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Getting Lean for Winter

We have all heard the saying ‘summer bodies are made in the winter’, a cliché I know but it is kind of true! The point is not to wait until right before your summer holiday to make a change, but to start sooner rather than later – even in the winter!

It sounds simple enough; workout, eat well, but with dark nights and Christmas parties fast approaching, curling up in-front of the fire with your Quality Street seems all too tempting. So, what can you do to get yourself in the mood and keep on track over winter?

The trick is to try make things as easy as possible for ourselves. The principle of fat loss is a calorie deficit, meaning Energy Intake is less than Energy Output. The method used to create that energy deficit is ultimately down to you but should be one in which you are most likely to adhere to. Without adherence to a calorie deficit, fat loss will simply not occur. Adherence to a calorie deficit therefore is the single most important factor to facilitate fat loss.

Here are a few ways of improving adherence to a calorie deficit:

Choose a method that is enjoyable and easy to stick to: There is no point setting yourself unrealistic goals, such as working out daily and banning all consumption of mince pies and mulled wine over the festive period. This isn’t practical and ultimately isn’t healthy. Remember there are many facets of health, not simply physical health; social and emotional health are also equally important to consider. When done well, dieting should be temporary and shouldn’t stop you from ‘living’ and enjoying life, and let’s face it, what is life without mince pies and mulled wine?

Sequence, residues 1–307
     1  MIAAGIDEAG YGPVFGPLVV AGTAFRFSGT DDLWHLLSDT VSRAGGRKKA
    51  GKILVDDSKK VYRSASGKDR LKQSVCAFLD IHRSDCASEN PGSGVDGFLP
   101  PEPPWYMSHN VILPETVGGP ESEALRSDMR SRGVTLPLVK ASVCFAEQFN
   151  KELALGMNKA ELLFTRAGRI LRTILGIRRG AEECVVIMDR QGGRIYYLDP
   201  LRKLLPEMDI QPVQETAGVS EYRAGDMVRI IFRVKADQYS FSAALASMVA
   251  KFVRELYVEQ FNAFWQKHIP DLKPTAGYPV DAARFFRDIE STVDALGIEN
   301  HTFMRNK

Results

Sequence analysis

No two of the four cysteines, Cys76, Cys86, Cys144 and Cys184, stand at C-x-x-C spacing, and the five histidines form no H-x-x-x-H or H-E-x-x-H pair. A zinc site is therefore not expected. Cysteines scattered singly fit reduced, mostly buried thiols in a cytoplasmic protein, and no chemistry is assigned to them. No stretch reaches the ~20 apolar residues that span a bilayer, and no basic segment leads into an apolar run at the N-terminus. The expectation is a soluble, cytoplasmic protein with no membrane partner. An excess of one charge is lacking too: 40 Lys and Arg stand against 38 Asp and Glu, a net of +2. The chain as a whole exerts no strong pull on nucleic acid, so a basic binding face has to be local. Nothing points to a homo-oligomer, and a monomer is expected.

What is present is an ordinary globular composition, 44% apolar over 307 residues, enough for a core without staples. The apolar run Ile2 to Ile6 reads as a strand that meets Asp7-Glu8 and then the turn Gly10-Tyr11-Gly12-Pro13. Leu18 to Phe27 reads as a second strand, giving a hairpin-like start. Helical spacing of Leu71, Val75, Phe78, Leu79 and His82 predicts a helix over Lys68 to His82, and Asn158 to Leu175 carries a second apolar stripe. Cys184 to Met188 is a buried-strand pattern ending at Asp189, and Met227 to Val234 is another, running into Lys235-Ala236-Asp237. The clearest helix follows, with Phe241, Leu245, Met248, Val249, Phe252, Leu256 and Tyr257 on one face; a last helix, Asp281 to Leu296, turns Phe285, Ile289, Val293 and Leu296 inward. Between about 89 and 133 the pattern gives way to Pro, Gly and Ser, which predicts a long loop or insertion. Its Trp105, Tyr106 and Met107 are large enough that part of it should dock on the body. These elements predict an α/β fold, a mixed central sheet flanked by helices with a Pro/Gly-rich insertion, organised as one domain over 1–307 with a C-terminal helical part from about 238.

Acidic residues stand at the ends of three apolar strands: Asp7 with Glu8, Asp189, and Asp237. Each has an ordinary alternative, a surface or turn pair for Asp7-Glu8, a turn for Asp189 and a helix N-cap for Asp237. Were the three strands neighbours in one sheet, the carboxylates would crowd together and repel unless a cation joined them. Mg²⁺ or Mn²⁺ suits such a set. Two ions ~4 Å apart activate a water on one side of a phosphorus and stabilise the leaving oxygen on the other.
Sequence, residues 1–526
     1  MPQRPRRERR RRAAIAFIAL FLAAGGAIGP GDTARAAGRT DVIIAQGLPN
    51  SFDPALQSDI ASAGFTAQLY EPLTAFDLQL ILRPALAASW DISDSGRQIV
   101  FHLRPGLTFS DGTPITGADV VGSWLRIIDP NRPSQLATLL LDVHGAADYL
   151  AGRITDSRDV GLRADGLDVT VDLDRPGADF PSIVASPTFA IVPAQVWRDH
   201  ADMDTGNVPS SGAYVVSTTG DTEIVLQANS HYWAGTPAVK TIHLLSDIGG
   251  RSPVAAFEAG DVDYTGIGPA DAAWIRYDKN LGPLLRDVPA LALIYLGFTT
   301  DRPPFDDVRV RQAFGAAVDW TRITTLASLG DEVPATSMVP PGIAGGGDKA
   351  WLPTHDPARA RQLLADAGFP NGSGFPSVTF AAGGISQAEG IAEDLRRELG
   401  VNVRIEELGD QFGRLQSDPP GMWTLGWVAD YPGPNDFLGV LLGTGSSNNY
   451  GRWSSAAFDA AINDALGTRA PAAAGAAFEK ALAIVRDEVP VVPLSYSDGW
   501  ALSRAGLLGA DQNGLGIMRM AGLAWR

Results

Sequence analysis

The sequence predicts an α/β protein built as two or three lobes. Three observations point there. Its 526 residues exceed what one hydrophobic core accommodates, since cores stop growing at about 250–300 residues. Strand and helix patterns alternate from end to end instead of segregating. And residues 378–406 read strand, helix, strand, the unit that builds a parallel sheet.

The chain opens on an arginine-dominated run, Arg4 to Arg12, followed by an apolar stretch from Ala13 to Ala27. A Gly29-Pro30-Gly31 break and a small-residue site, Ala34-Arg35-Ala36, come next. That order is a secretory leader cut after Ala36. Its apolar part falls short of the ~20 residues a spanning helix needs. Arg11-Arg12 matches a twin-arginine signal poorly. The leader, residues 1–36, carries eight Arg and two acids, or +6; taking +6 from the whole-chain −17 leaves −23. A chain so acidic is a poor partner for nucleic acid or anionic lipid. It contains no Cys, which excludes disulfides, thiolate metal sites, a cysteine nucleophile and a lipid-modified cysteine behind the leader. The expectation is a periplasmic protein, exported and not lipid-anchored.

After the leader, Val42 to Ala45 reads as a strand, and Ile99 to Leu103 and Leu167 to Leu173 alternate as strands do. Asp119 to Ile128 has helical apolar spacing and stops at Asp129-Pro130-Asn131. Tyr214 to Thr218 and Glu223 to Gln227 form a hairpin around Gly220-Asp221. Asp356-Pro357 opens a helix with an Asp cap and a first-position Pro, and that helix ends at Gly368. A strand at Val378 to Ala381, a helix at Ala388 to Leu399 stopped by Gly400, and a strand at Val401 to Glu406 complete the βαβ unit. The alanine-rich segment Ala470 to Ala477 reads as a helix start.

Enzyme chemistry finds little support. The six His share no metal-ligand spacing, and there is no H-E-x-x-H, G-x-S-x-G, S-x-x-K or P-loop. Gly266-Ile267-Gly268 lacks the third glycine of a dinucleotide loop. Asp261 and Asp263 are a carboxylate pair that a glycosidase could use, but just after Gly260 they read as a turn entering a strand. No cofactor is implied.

Try to minimise hunger: After calories, protein is the next key consideration for a fat loss diet due to its satiating effect and it helps to support muscle retention. Protein powders are a great way to increase protein intake without the unwanted extra calories. PhD’s Diet Whey is a delicious full-bodied shake, that helps to fill you up and comes in 11 great flavours, including my all-time favourite, Birthday Cake, to help satisfy your sweet tooth.

Social support: Ensure your family and friends are fully on-board with your goal and don’t lead you astray! Be aware, even the strongest of people can be severely tested by a persistent friend!

Ensure you are getting sufficient sleep: Research has found that insufficient sleep during weight loss can reduce the amount of weight lost, increase hunger and impair glucose tolerance. What’s ‘sufficient’ to some people may not be for others. Sleep requirements vary by individual but ideally aim for between 7-9 hours a night.

Experiment with exercise: The effect of exercise on hunger is hugely genetic. In some, exercise increases appetite and in others, it doesn’t. Trial out how you feel after different types of exercise and assess what most suits you and doesn’t hugely increase your appetite and thus impede your fat loss goal. However, it is important to remember that the benefits of exercise stems beyond increasing energy expenditure.

Don’t be afraid of changing your method: If the method you are currently using isn’t suitable then switch it up and try something else. There is no point continuing down a path that isn’t working for you. As Albert Einstein once said, “Insanity is doing the same thing over and over again and expecting different results”.

Holly Archer

Holly is a Health & Performance Nutritionist at PhD